Transparency, coffee roasting date and blend compositions

Dany Marquis

Transparency in our coffee processing/preparation operations has always been important to me.

I still remember, when I started in the world of coffee, the difficulty I had in visiting a roasting workshop worthy of the name in Quebec. Not a small roaster in the middle of a bistro but a real coffee shop, focused on roasting and not on sandwiches. Well no roaster had allowed me to tour their operations. I won't name them. And when I asked them questions about the composition of their blends, he replied with a smile: “ Coffee! »…

I had to turn to the United States in 2005 to learn the basics of roasting and understand how to arrange the origins, roast them, to obtain the desired tasting profile.

It was my first shock to see how hard coffee in Quebec was. The market was, and still is, dominated by coffee break sellers, now recycled to canned coffee (Keurig) and restaurant pickers. And yes, they lend equipment… I digress a little but the world of coffee remains obscure for several reasons.

Professional honesty regarding the composition of coffee blends

Why was coffee in Quebec hard?

First of all, the famous coffee sellers, who are present everywhere, in every corner, and who, supplying cheap Bunn coffee makers and Keurig gadgets (sometimes which they lend, sometimes which they rent), sell bad coffee to anyone who wants to believe that it is quality.
And they are convincing. Very convincing.

Major coffee manufacturers have a very efficient, highly motivated network of resellers. Note that everyone has the right to ride their own humps and that I like to jostle with the competition. But in the majority of cases, these coffee sellers don't know coffee at all!

They could sell dog food, synthetic lubricants to the mechanic, but they are in the coffee business. They earn their living there. The machine is well established, the customers are gullible, and the competition is zero.

We keep the price of coffee low, we lend the equipment, it's that simple to dominate in coffee.

You will understand that I work in another field but nevertheless this type of company blocks micro-roasters and prevents them from developing production volume and being able to make a living from their work without having to end up selling sandwiches. , beer, and shows in the evening.

This is why we absolutely must play on another ground, which is that of transparency.

My coffee, I don't make it a state secret

This week I had two good examples. Restaurateurs, caught in the “he lends me the coffee makers, I have to buy their coffee” thing. And since I don't lend the equipment, it always generates good discussions.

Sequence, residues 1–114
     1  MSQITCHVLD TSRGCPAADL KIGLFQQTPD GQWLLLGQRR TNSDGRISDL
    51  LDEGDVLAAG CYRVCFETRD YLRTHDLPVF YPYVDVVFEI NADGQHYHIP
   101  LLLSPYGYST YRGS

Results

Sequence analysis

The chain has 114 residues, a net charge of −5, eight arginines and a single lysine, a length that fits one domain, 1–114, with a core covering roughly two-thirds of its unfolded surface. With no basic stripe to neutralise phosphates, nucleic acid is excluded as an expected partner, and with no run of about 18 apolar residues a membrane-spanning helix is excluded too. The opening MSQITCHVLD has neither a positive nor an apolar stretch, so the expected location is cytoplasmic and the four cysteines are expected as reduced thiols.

My restaurant customer must therefore compare my offer with that of the reseller. One of my clients is an expert in his field. He is a taster, a gourmet, he is passionate about his product. The other is a chocolatier. Same profile.

And, by chance, they are sold the same coffee! I won't name the coffee but it's really disgusting. Let me even say, crap. My customer had repeatedly told his supplier that his coffee tasted strange. And he responds each time: “Impossible! It's a cafe from XYZ! » And here he comes out with his spiel, you dose too high, your water is not good, it’s city water, etc…

When you take bad coffee, too roasted, and you dose it at 2oz (56g) for 2.9L, we are talking about brown water and not coffee .

It is indeed difficult to say whether the coffee is good or bad. Is it water? By adding two or three creams and sugar, it's less bad... And these snoros can be convincing.

I have faces that come to mind. In Carleton, the capital with the largest number of restaurants per capita, we have no restaurant customers... And believe me, we are competitive on prices and service! What is not working? This is the relationship with coffee sellers, who are often also sellers of soft drink syrup. I lend you coffee makers, pumps for soft drinks, fridges for cans, and you buy stock from us. So it’s complicated to work with a local roaster.

In short, we start comparing our coffees with those of the other seller. Impossible to know the composition of the blends, the % robusta, the roasting date, etc. Buy my stock, or else, I'll take away my equipment...

It's when customers start to compare that they realize that they have no information on the cafes.

Dany, what is your Bad Boy espresso?

Bad Boy espresso , my coco, is a blend dedicated to espresso, containing 3 different beans, roasted separately ( Harrar, Sumatra, San Rafael ). In this coffee optimized for espresso you will find aromas of leather, tobacco, smoke and blueberries , almost no acidity, a heavy and syrupy texture, and a lingering finish.

So I could go on for a long time and explain the terroir of each grain, the roasting levels of each ingredient, etc. And anyway the contents of the cup will speak for themselves. The piquette reseller cannot compete with us in this area. Thank you Sun Tzu .

Transparency with our customers is important because it establishes a climate of trust.

Did you know that Robusta coffee costs a third of specialty grade Arabicas? This is why some roasters put it everywhere, particularly on the famous so-called “Italian” blends. I tasted one this week, from a roaster in Montreal. An Italian blend. I got a pretty intense high with my cheeks starting to heat up. I would say off the top of my head, 50% robusta, dark roasted so that we don't taste the aromas of boot soles... To each their own.

Of course you have to pay attention to the freshness of the coffee offered

The other important detail embodying our philosophy of transparency is the roasting date. Do you know the roasting date of the coffee you consume?